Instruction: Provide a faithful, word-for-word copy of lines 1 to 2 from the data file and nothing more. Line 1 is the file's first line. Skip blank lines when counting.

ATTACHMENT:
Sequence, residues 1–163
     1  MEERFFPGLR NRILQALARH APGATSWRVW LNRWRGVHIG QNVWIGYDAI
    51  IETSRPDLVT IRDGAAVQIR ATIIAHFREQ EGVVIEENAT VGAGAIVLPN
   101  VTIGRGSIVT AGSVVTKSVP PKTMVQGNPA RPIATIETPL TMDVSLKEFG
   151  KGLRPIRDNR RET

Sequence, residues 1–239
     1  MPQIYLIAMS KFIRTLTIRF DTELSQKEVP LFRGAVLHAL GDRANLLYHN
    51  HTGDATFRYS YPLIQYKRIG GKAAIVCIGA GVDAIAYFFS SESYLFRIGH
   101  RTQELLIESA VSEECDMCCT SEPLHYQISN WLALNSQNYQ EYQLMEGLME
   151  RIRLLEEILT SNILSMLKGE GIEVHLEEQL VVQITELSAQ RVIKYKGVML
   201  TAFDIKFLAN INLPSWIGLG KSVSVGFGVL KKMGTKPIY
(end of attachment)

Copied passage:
Sequence, residues 1–163
     1  MEERFFPGLR NRILQALARH APGATSWRVW LNRWRGVHIG QNVWIGYDAI